Desktop 3D printing was supposed to be the next big thing. Due to over-claim and a response from the media that was far too enthusiastic, we were propelled to fill shoes that we simply could not fill. At the time when the hype was at its apex, desktop 3D printers worked intermittently. Kits took approximately 40 hours to assemble and half of all prints failed. At the same time “everyone was going to get a 3D printer.”
This disconnect fueled by several P.T. Barnums in our industry meant that many still see our technology as something cute that didn’t quite happen as anticipated. Our Editor-in-Chief, Michael Molitch-Hou, asked me what it would take now to redress the balance? What would we have to do in order to make consumer 3D printing viable?
This article catalogues the requirements. First off, I’m intentionally not using the word “mainstream” here. In our current world, the very idea of mainstream is under threat with products, media consumption, and brands all fragmenting into teeny filter bubbles. Thinking of mainstream, therefore, could distort us.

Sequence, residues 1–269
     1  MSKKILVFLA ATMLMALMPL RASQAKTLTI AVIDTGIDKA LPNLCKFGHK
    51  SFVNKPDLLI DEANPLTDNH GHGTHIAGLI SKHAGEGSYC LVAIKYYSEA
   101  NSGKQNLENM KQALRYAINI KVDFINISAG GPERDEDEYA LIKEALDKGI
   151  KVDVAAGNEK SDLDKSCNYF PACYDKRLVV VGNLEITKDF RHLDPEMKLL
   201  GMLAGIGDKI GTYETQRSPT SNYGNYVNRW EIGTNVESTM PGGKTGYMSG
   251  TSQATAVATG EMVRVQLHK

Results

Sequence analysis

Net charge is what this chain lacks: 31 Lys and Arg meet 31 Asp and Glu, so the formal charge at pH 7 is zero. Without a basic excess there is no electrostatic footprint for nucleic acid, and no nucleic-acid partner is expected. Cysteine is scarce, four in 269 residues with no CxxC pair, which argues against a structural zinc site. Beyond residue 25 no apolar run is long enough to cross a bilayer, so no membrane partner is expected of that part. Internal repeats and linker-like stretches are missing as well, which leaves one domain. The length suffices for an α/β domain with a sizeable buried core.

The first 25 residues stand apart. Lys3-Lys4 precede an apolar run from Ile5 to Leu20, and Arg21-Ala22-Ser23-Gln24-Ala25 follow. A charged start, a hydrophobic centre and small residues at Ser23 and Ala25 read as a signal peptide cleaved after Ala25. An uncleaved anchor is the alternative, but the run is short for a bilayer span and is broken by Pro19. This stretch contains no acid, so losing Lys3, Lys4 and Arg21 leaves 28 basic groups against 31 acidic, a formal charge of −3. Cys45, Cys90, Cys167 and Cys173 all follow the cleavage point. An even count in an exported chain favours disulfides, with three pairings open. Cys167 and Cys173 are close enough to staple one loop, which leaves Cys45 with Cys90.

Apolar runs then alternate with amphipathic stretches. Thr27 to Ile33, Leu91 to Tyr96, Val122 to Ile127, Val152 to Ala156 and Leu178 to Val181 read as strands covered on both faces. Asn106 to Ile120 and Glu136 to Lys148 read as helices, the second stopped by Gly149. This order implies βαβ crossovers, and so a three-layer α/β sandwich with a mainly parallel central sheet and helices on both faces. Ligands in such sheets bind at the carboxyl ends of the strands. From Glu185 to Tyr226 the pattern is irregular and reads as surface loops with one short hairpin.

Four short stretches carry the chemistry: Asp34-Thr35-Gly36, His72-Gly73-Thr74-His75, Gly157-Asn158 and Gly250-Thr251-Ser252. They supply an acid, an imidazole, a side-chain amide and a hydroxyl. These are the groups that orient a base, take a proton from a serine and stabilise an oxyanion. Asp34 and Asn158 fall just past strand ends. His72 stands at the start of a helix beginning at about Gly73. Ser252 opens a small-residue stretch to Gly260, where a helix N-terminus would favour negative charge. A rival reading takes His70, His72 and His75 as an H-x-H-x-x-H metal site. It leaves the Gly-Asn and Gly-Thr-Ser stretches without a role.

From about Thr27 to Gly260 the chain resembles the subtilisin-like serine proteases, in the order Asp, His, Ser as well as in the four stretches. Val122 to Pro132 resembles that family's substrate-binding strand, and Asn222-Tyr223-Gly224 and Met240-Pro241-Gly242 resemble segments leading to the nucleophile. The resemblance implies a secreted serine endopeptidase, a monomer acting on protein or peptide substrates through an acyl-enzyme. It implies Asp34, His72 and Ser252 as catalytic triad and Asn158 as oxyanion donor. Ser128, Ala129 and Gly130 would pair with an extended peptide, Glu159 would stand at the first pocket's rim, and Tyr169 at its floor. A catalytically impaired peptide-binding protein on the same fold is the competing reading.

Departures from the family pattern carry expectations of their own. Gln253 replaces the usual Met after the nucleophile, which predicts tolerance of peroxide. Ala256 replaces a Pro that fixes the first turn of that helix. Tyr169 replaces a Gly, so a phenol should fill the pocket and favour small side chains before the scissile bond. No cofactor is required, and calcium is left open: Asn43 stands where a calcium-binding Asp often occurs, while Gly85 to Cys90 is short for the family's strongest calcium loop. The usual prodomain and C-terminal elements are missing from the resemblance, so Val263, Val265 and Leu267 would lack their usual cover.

At the same time, tens of millions of dental bridges and crowns, as well and millions of hearing aids, are being made with 3D printing. Three million or more 3D printers may have been sold to date, as well. So, either we are, in fact, already mainstream or there’s no point in discussing mainstream.
Now, will we ever be as popular as phones or laptops? No one I know has even dared dream it, nor do we contemplate this right now. But, even at our zenith, we’ll never all need one in the same way as we need to be connected to the aether, right?
Reliable: 3D printers need to become more reliable. Reliability has improved significantly, but is still very low. Prints fail often due to many reasons, some not understood by the user. Consumers are used to devices working all the time, not something that works as haphazardly.
Repeatable: 3D printers need to become more repeatable. The differences between the same part made on the same printer with the same settings need to narrow. The differences of different printers printing the same files also need to narrow.
Well-Made: 3D printers need to become more well made. Manufacturing is improving, but, with 3D printing, misplaced or incorrectly torqued components, for example, can lead to differences in the printer. Misplacement or lack of calibration for sensors, for example, leads to incorrect reading of temperatures.
Safer: 3D printers need to become much safer, with electrical systems in particular less vulnerable to fires and failure.
Manufacturable: 3D printers need to be designed for automated manufacturing, so we can lower the costs of making them.
Better Nozzles: Nozzles need to be ejectable, replaced with a single twist, or we have to invent a new component—a “nozzle sleeve” that itself is easily replaceable. We need to make nozzle clogging a one twist replace issue, at best.